A Zen koan primarily associated with Hakuin Ekaku zenji, the Japanese Tokugawa era revitalizer of Rinzai Zen. The phrase "the sound of one hand" does not involve clapping or anything of that nature. In its correct form, it is simply, "What is the sound of one hand?" This means, what does this hand, this eye, this foot, this breath, tell you about who and what you are? The phrase did not originate with Hakuin but was popularized by him and used as one of the miscellaneous koan practised before the Gateless Gate, the Blue Cliff Records series and so on.

An early (Song dynasty) occurence of the phrase is in Case 18 of the Blue Cliff Records, as follows:

Case 18: Huizhong’s Seamless Stupa

The Koan:

Emperor Suzong asked National Teacher Huizhong, “After you die, what shall I do to honour you?”

The National Teacher answered, “Build this old monk a seamless stupa.”

The emperor said, “Master, please tell me what style to build it in?”

The National Teacher was silent for a long time and then he said, “Do you understand?”

The emperor said, “I don’t understand.”

The National Teacher said, “I have a disciple who has received my Transmission, Danyuan. He is well versed in this matter. Go to him and ask him.”

After the National Teacher’s death, the emperor summoned Danyuan and asked him about it.

Danyuan said,
“South of Xiang and north of Dan,
(Xuedou says, “Soundless sound of one hand.”)
in between, the gold of the nation.
(Xuedou says, “A mountain monk’s staff.”)
A ferryboat under the shadowless tree.
(Xuedou says, “Calm seas, clear rivers.”)
In the jewelled palace, no one knows.”
(Xuedou says, “That’s it.”)

translated by Yasuda Joshu Dainen roshi and Anzan Hoshin roshi; used with permission

I always looked at the answer like the is the cup half empty or half full question:

The pessimist says the sound of one hand clapping is a slap to another's face.

The optimist says it is the sound of one's hand clapping to another's hand in greeting and salutation.
The traditional answer to this koan is to:

face the questioner,
assume the position (upright, zazen posture),
and silently thrust out your hand.

I don't know though. Because I think, if I did that in front of a Zen master, I'd get bitch slapped.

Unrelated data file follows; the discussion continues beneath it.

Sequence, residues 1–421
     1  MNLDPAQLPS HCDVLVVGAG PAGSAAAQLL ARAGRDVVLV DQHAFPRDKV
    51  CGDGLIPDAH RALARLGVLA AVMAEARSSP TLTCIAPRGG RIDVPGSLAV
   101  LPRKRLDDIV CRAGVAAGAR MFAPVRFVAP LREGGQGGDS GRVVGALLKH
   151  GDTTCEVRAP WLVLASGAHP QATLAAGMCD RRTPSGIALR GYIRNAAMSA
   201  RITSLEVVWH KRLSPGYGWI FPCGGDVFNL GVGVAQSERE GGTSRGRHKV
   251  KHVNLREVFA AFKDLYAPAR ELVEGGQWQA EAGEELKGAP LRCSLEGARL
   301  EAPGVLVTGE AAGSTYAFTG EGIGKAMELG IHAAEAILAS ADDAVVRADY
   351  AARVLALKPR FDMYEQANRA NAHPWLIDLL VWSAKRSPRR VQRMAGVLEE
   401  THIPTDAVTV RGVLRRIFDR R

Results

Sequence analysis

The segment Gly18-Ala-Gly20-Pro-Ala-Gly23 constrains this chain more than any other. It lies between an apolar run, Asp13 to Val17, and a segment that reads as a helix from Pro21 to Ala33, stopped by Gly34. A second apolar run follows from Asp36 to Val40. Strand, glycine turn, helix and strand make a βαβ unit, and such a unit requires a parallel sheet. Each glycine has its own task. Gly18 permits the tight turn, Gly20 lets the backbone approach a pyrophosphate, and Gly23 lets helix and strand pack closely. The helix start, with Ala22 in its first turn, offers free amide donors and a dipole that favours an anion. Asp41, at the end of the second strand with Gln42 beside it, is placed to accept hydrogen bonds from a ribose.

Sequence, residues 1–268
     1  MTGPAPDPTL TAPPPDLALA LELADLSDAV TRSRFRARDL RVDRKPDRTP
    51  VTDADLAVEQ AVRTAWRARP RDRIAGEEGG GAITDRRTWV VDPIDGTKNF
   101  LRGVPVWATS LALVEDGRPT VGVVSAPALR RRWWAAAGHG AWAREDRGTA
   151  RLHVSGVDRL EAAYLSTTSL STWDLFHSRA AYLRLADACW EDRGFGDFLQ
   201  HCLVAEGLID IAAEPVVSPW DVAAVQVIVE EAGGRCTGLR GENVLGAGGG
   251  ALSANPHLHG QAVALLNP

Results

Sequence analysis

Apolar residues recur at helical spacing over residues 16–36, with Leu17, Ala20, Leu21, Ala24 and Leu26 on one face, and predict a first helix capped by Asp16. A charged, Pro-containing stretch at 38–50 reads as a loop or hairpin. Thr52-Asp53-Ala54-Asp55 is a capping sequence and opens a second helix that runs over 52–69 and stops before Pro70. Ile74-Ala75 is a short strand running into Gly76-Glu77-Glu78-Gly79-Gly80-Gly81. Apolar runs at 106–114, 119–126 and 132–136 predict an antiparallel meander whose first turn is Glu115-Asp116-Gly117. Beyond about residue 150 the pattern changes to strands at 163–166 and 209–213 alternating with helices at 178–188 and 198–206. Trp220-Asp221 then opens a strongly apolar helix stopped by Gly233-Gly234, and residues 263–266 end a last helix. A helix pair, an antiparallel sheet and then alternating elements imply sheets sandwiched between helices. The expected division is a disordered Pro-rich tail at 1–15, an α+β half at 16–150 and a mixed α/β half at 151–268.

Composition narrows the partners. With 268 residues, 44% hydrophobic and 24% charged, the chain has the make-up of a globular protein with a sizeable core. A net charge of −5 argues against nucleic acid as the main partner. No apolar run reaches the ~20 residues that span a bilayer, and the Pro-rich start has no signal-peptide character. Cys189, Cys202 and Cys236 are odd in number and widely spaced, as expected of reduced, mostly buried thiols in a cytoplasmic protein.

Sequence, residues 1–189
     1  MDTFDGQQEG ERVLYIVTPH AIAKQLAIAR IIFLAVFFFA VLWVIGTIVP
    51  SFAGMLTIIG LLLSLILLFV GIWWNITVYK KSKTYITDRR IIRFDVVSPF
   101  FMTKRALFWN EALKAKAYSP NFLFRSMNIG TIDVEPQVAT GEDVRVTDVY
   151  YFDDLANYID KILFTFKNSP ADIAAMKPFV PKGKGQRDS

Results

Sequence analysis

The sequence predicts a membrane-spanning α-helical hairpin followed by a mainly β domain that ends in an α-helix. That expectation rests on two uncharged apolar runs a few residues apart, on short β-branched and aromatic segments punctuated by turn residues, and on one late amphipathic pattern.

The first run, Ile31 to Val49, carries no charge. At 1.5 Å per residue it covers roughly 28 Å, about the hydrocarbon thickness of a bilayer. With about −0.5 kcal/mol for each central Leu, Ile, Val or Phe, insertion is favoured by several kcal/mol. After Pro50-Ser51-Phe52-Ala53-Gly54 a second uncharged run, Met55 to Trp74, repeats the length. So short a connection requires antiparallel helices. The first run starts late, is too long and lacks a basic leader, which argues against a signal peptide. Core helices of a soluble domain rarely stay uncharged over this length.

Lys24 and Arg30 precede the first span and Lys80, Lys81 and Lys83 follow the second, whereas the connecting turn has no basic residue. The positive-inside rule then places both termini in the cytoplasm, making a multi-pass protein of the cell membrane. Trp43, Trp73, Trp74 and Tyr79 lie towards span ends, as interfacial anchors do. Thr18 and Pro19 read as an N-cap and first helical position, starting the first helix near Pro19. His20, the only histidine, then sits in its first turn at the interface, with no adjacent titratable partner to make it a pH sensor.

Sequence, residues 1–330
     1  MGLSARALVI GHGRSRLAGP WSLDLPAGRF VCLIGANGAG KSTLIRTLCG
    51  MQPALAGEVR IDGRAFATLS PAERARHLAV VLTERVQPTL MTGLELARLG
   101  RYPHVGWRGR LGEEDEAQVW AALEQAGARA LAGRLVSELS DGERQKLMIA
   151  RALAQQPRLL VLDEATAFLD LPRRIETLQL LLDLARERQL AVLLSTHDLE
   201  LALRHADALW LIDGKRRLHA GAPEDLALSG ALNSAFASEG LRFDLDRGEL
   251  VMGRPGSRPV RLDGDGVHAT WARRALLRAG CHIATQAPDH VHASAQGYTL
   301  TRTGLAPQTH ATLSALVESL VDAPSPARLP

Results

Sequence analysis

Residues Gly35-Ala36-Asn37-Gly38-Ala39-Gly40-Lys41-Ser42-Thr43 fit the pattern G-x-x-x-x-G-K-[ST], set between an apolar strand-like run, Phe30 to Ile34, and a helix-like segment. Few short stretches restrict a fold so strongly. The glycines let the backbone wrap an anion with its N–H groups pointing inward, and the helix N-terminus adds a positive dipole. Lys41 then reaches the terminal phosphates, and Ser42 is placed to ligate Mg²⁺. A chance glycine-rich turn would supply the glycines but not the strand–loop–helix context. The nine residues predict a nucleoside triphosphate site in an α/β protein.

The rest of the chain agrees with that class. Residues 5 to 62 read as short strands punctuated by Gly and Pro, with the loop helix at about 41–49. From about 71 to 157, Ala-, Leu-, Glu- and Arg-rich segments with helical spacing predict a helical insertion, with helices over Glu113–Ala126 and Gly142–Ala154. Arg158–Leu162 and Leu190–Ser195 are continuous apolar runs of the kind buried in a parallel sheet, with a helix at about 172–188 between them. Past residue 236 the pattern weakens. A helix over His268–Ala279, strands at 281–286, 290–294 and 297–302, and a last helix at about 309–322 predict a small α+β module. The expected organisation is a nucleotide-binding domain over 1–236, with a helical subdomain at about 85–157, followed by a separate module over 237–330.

Obviously, the only way to "answer" this, or any koan, is to fully embody the koan itself.

This is a classic Zen instruction.

This question was asked by Master Hakuin (1686-1769). Hakuin is credited with aiding in moving Zen into the urban life which was emerging at the time of his life. He writes;

What is the true meditation? It is to make everything: coughing, swallowing, waving the arms, motion, stillness, words, action, the evil and the good, prosperity and shame, gain and loss, right and wrong, into one single koan.

It is said that a young monk given this question to ponder responded by attempting to use his hand to strike a gong and play various musical instruments, all of which were declined as answers by the master. Finally, in a moment of satori, he exclaimed : " I have heard sound without sound!"

The master is conveying the point that sound and other physical phenomenon are just our mind's interpretation of outside stimuli or forces. The second hand is a metaphor for our senses and ego, the sound made is that which is produced when our mind and senses strike with these outside forces and translate them into something we as humans can perceive.

This also demonstrates that without such outside forces, our mind can create an appropriate reaction; the mental "sound" of one hand clapping.

Master Gautama was born a prince, but he renounced his comfortable life and became a beggar in the forests of Nepal. Giving up position in his own caste, he openly taught his wisdom to anyone of any caste and even women and gave simple examples based upon the ability of the listener to understand.

Gautama's dharma was intended as a self help aid to end psychological suffering.

But when Buddhism was brought to China and later to Japan and Korea, the emperor didn't want a large population of beggars, perhaps 10% of the population, seeking enlightenment instead of working and paying taxes.

So Buddhism was institutionalized in the three countries. There was great competition for political recognition, the title of "national teacher" and imperial funding and the Ch'an/Zen/Seon monasteries became places where a monk could spend a lifetime as a laborer, never progressing, or he could compete with the other monks, hoping for tenure or to establish his own temple where he could pretend to "teach" novice monks.

The Zen koan was invented as a way to screen out the truly stupid novice and provide a clue to bring the most intelligent novice to enlightenment, before leaving the monastery and returning to private life or starting his own temple.

The "sound of one hand" koan refers to the beating of the human heart.

Ancients didn't know for sure where the mind was located and they thought that the mind and heart were probably in the same place.

Ancient yoga instructions tell the meditator to regulate his breathing, stop thinking, and slow his heartbeat down in order to become One with the Self (aka Brahman).

That's all there is to it, no "dharma combat" is necessary, unless the modern Zen master is trying to keep the modern novice from becoming enlightened.

Why do that, unless the intent of the Zen master is to
milk the novice for all the money he can get?

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